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I The carceral imprint

Words, walls, and hierarchies On some colonial legacies in the Burundian prison

Christine Deslaurier


The Burundian prison system celebrated its centenary at the beginning of the 21st century with the greatest indifference, which contrasts sharply with the commemorations of recent years, during which the national authorities have not failed to denounce the damage and upheavals wrought by colonisation on local society. Yet, both as a mode of punishment and as a building built for that purpose, the prison has all the hallmarks of colonial exogeneity. Introduced by the Germans at the turn of the 20th century, it was generalised by the Belgian colonisers who succeeded them in the mid-1910s and remained in power until 1962. Today, a century after the construction of the country’s first central prison at Gitega in 1926, the country’s prisons’ premises retain the imprint of colonialism. Similarly, the procedures leading to incarceration and the regulations governing confined life, despite revisions, are still steeped in foreign principles and legacies, as are certain ways of dealing with inmates. In fact, the Burundian prison seems so trivi- alised that it is never decried or questioned as a colonial ‘import’, which makes the question of its adaptation to the national context central. How was prison appropriation achieved and on what basis were possible accommodations made? Is the Burundian prison today merely a rehash of its colonial beginnings or has its incorporation into society been facilitated by locally rooted repertoires of action?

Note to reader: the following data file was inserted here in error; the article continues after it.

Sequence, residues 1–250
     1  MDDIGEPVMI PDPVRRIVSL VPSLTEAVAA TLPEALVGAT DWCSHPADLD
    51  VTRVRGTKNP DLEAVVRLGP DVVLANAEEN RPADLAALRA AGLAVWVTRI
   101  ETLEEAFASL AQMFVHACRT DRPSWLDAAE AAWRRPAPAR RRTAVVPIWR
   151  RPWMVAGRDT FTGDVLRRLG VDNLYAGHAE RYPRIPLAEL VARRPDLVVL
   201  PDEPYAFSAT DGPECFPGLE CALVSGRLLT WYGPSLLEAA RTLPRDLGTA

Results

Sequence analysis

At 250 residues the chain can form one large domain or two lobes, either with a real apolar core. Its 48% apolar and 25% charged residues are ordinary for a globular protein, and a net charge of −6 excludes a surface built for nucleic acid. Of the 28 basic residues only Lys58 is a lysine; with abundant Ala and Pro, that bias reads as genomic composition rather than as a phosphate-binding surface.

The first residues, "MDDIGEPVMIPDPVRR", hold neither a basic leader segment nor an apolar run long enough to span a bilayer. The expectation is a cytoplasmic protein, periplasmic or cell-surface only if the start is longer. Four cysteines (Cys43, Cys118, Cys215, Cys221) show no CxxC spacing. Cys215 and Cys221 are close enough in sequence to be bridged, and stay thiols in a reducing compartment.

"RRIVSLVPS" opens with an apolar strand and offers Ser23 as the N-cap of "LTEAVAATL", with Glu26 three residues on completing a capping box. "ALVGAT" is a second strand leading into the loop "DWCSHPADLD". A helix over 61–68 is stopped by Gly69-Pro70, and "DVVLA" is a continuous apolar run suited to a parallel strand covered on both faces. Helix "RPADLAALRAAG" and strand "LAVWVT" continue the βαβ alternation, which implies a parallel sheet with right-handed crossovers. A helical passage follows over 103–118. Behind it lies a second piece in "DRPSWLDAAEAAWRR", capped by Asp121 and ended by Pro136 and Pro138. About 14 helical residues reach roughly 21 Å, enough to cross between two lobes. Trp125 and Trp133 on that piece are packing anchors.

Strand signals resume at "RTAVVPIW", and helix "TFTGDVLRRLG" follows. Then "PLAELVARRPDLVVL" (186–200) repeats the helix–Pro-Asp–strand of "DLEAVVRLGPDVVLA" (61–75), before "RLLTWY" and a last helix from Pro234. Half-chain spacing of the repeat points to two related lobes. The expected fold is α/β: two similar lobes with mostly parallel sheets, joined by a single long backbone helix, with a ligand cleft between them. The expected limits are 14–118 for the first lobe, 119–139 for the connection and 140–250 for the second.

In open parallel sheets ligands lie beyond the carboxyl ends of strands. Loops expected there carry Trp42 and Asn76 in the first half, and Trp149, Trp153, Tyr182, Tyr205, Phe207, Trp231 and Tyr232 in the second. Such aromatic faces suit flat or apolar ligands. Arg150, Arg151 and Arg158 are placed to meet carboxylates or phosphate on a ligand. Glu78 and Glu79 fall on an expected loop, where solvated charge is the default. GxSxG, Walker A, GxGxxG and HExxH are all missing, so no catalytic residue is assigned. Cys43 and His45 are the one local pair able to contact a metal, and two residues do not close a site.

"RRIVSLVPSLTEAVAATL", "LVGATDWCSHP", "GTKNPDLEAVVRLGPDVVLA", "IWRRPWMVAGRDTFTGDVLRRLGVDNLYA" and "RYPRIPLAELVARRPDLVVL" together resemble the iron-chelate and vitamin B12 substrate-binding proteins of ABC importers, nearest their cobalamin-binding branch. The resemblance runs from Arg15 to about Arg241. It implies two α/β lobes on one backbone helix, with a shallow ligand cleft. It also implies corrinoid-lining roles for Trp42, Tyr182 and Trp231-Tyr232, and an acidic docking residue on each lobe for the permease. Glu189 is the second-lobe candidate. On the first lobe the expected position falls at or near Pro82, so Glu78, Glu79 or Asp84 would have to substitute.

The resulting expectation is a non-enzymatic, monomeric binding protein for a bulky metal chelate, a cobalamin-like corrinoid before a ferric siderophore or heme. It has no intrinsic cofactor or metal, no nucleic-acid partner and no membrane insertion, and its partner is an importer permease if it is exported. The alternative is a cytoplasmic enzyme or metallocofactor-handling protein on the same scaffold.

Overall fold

The answers to these questions are varied and show that Burundian prison history, from its emergence as a mode of punishment to its trivialisation in the 20th century, oscillates between legacies and ruptures. It is not possible to uncover all these aspects in the present chapter, so the focus here is on the colonial trends and extensions of prison. Approached as a form of colonial remnant, the Burundian prison offers the image of an ‘imperial debris’ (Stoler 2008) where legacies persist and articulate with local moral repertoires to become established in contemporary principles of prison and prisoner management. The sources on which this reflection is based are rich for the colonial period in Belgium (Archives africaines de Bruxelles, AAB) and up to the early 1970s in Burundi (Archives nationales du Burundi, ANB), with documents that make it possible to address the prison question from many angles. For more recent periods, analysis of the archival source materials has been supplemented by books, memoirs, reports by the prison administration or human rights organisations, and by interviews with former prisoners and actors linked to the prison sector.

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